MIIA reaches a significant milestone this month, celebrating 40 years of service and coverage to Massachusetts cities, towns and municipal entities.

Formed by the MMA in 1982, when local governments were struggling under the weight of unprecedented financial turmoil resulting from Proposition 2½, the goal was to provide better services and coverage for less cost than the commercial sector could offer.

“What we did in 1982 wasn’t necessarily revolutionary, but it certainly was unique,” said MIIA Executive Vice President Stan Corcoran. “The MMA believed that if you provide the cities and towns with the tools, they will avail themselves of those tools and will improve their risk. That’s always been the case.”

Now serving more than 400 cities, towns and public entities, MIIA has brought stability to the municipal insurance marketplace while providing innovative products and services to help reduce overall insurance costs.

“The MMA had the foresight to help cities and towns with an alternative to the unstable insurance coverage and services that were the norm at the time,” said Corcoran.

MIIA first began providing workers compensation coverage in 1982, added property and liability insurance in 1984, and then added health insurance in 1992. As MIIA celebrates its 40th anniversary, the Health Benefits Trust also reaches a notable milestone with its 30th anniversary.

At this year’s MMA Annual Meeting, MIIA will recognize its longtime partners that help support MIIA’s mission of stability, value, service, innovation and trust. MIIA’s most valued partnerships are with Boston-based Blue Cross Blue Shield of Massachusetts, Aon Risk Services (previously Frank B. Hall); and Cabot Risk of Woburn (evolved from the former Hastings Tapley Insurance Agency).

Aon Risk Services has partnered with MIIA since the beginning, handling workers compensation workplace injury claims. For almost as long, Cabot Risk has partnered with MIIA in providing risk management, training and claims management with a similar commitment to MIIA’s goals and mission.

“The expertise and guidance of both companies have prevented much unnecessary hardship, in addition to saving Massachusetts communities hundreds of thousands of dollars every year in premiums and claims costs,” Corcoran said.

Health Benefits Trust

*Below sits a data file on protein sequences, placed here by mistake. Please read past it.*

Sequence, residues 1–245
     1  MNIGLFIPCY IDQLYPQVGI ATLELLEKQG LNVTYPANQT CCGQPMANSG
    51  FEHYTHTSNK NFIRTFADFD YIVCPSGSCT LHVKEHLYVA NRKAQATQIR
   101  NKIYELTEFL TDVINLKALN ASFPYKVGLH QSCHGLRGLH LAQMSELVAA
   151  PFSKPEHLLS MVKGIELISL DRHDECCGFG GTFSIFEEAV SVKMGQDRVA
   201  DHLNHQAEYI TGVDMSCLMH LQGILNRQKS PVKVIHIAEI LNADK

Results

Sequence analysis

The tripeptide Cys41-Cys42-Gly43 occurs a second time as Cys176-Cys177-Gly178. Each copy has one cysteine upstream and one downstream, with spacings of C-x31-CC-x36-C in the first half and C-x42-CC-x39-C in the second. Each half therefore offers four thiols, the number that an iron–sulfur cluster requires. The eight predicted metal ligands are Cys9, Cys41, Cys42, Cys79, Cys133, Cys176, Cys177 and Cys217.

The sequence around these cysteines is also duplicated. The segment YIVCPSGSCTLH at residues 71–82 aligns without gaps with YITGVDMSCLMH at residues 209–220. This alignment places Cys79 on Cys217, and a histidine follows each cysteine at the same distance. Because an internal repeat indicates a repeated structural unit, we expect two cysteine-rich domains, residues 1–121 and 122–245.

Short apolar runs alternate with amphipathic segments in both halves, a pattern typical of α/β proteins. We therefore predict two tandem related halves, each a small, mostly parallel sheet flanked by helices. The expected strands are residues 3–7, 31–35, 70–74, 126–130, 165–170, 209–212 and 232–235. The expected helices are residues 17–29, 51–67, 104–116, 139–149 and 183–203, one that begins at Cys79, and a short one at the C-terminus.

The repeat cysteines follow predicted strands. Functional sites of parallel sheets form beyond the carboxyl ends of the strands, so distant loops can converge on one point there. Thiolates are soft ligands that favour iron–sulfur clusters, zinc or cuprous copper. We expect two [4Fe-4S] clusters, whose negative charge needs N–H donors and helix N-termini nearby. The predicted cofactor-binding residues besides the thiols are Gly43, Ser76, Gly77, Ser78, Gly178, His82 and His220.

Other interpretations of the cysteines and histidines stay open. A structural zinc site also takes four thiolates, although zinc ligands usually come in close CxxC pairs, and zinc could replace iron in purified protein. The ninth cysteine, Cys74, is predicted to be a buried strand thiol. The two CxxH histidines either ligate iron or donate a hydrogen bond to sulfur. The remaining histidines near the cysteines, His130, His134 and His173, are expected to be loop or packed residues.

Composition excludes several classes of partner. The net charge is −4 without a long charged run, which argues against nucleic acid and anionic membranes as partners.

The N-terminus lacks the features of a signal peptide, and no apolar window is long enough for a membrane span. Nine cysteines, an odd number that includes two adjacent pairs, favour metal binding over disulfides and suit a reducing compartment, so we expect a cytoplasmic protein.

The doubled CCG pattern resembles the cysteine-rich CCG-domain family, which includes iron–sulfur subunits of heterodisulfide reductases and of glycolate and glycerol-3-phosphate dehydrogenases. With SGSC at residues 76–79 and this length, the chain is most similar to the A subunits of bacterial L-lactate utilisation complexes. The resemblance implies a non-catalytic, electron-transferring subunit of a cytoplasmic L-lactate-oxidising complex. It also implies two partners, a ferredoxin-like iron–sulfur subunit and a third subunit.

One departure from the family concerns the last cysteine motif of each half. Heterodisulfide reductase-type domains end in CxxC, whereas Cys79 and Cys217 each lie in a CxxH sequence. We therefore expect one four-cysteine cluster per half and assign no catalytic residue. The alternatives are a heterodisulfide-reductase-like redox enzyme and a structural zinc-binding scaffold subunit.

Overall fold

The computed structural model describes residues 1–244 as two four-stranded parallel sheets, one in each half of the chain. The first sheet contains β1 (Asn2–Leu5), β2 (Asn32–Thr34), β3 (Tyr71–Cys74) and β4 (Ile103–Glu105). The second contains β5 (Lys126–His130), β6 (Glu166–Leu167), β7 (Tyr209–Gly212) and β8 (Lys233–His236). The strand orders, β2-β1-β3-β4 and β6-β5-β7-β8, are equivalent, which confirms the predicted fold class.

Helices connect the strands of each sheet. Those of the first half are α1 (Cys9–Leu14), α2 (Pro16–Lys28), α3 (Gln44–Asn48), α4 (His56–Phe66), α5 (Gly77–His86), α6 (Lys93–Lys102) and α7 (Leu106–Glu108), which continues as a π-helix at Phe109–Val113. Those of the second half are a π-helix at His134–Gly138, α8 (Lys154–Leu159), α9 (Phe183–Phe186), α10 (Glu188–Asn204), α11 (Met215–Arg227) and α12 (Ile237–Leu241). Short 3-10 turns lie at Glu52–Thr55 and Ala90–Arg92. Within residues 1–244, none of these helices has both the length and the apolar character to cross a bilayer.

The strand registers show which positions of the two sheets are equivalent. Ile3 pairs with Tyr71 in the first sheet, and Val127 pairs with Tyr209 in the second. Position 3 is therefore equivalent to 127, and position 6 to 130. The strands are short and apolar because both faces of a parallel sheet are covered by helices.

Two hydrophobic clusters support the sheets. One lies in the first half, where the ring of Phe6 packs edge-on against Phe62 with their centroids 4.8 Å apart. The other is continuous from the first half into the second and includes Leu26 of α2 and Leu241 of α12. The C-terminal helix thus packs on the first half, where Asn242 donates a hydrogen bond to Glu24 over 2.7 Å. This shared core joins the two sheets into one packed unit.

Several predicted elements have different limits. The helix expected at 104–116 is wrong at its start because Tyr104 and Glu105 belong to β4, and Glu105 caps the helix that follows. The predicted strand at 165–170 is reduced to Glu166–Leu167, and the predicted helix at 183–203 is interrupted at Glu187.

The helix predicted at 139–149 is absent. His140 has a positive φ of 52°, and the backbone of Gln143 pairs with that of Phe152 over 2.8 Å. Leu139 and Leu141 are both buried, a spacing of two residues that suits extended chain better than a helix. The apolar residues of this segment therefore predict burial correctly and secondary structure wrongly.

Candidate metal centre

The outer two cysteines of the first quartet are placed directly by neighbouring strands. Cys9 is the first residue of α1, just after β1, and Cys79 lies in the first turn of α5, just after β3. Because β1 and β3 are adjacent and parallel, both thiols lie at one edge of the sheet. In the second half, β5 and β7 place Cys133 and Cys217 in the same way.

When the Health Benefits Trust was formed, the municipal health market was fractured, with many cities and towns having multiple health insurers. Contrary to the idea that more carriers are better for keeping costs down, cities and towns were paying more in health insurance as the number of carriers in each municipality increased. Moreover, healthier, younger employees often selected the less costly HMOs, while employees in greater need of health services selected the costlier indemnity-type plans.

“MIIA’s premise was to ‘reaggregate the risk pool’ with one carrier that offered multiple types of plans, and Blue Cross Blue Shield of Massachusetts was the company that fit that need,” Corcoran said. “The immediate result was greater cost savings and a more integrated and coherent strategy for providing cities and towns with high-quality health care.”

MIIA was the first in the municipal space to pilot and offer Select Network, a provider network that includes doctors, facilities and specialty hospitals recognized for providing lower-cost care. According to Andrew Dreyfus, CEO of Blue Cross Blue Shield of Massachusetts, MIIA was also the first to offer Learn to Live, a new and innovative mental health solution that provides online support to people struggling with anxiety, stress, depression and other conditions.

“Blue Cross is committed to partnering with MIIA to deliver quality affordable health care, and over the years we have worked hard to find savings for the cities and towns we serve together,” Dreyfus said. “MIIA members enjoy a lower administrative rate and are able to purchase ‘stop loss’ insurance at a preferred rate. With its larger scale, MIIA can spread the cost of large claims across a larger pool, which in turn provides stability and savings.”

Dreyfus credits Corcoran for leading MIIA to partner with Blue Cross 30 years ago, and says his leadership today continues to be the key to shared success.

“We are also fortunate to have a team of people on both sides who have worked together for many years, who trust and respect one another, and are committed to our shared goal of providing quality affordable and equitable health care to each municipality we serve,” Dreyfus said.

All MIIA partnerships have stood the test of time while evolving their services and products to serve the growing needs of its members. All three insurance programs began at a time of crisis, but by joining together for a common purpose through a municipal-focused, mission-driven organization, the strength of the combined cities and towns overcame those adverse conditions.

That is a lesson for today and the future as local governments continue to face new challenges.

Written by Kathy Geller Myers, freelance writer